Not since Ponzi Schemes became epidemic in the early ’80s has a business fad risen and fallen so dramatically…
First allow me to say on behalf of Comments Section naysayers, "They told me so."
However when the force to be reckoned with known as Groupon took Kansas City and the nation by storm barely three years back, it was almost magical. As I recall, Groupon had maybe 50,000 people on its email list early on, then grew rapidly to 100,000, then 350,000. And last time I checked, Groupon was thought to have upwards of three-quarters of a million Kansas City subscibers.
In a city of two million, a fourth of whom supposedly do not have broadband, that’s a bunch.
There followed by an onslaught of Groupon wannabes ranging from Lucky Monkey to Muncharoo to the Kansas City Star‘s Dealsaver.
Speaking of Muncharoo – a locally-based Web wheeler dealer with possibly the worst name in the biz – a two week old rumor that it had been bought out by Florida-based CrowdSavings was confirmed last week. The deal reportedly put somewhere around $500,000 in the pocket of founder Eric Vianello who did not return a call on the matter.
And while half a mill may sound like peanuts in the world of high dollar e-deals, it’s a pretty penny when what it boils down to is buying an email list of 60,000 subscribers and change.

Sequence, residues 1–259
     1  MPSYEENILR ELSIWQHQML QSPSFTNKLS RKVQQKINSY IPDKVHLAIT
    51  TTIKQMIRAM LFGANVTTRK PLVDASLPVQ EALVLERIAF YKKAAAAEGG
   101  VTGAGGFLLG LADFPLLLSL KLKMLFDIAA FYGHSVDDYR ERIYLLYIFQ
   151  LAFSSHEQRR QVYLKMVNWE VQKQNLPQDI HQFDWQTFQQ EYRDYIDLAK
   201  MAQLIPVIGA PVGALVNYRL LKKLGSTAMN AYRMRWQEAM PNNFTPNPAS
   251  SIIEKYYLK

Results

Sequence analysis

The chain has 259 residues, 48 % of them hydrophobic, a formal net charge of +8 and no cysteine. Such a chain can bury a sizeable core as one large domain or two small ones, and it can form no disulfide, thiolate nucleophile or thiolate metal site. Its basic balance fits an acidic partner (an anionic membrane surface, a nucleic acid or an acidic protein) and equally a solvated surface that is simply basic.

Then again, why sell out in the first place if you’re making money hand over fist?
Exactly my point.
The lack of light at the end of the daily deal tunnel reared its ugly head in January on 60 Minutes.
That’s when the show noted that Groupon had yet to make a profit and, unlike other "high tech" companies, was saddled with extremely high overhead in the form of the staffers required to market its daily deals.
Oh and one more thing…
That Groupon, while at the forefront of the daily deal biz, was being besieged by competition from anyone and everyone – local TV and radio stations, newspapers like the Star, alternative weeklies like the Pitch and entreprenuers like Vianello.
Meanwhile, Groupon’s stock has fallen more than 50 percent from its initial public offering price. No wonder Vianello opted out.
One need look no further than the Star‘s Dealsaver for the answer. Locals appear to be growing weary of the daily bombardment of "bargains" for cheap haircuts, cheap eats, cheap this and cheap that.
When’s the last time you took a good, hard look at your ValPak mailing?
And check out some of the Star’s current Dealersaver action.
A Lee’s Summit carwash is at only 286 deals sold on a $12.50 to get $25 car wash coupon. A Liberty fireworks stand has sold 77 deals @ $10. The UPS Store in Oak Park Commons has 30 deals sold. The Jumping Jax play area in Joco has 58. Tina Marie’s Bakery in Shawnee 93.
Get the picture?
That’s not exactly what one would call "minting money."